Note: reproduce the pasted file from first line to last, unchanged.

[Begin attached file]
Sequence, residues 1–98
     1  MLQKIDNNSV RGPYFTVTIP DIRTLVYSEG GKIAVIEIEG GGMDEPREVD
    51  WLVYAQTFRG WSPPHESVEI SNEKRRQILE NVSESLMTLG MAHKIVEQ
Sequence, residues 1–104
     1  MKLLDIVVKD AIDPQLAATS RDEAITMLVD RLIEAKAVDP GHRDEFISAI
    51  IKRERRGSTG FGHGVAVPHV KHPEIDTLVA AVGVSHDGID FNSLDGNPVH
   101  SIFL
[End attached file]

Sequence, residues 1–98
     1  MLQKIDNNSV RGPYFTVTIP DIRTLVYSEG GKIAVIEIEG GGMDEPREVD
    51  WLVYAQTFRG WSPPHESVEI SNEKRRQILE NVSESLMTLG MAHKIVEQ
Sequence, residues 1–104
     1  MKLLDIVVKD AIDPQLAATS RDEAITMLVD RLIEAKAVDP GHRDEFISAI
    51  IKRERRGSTG FGHGVAVPHV KHPEIDTLVA AVGVSHDGID FNSLDGNPVH
   101  SIFL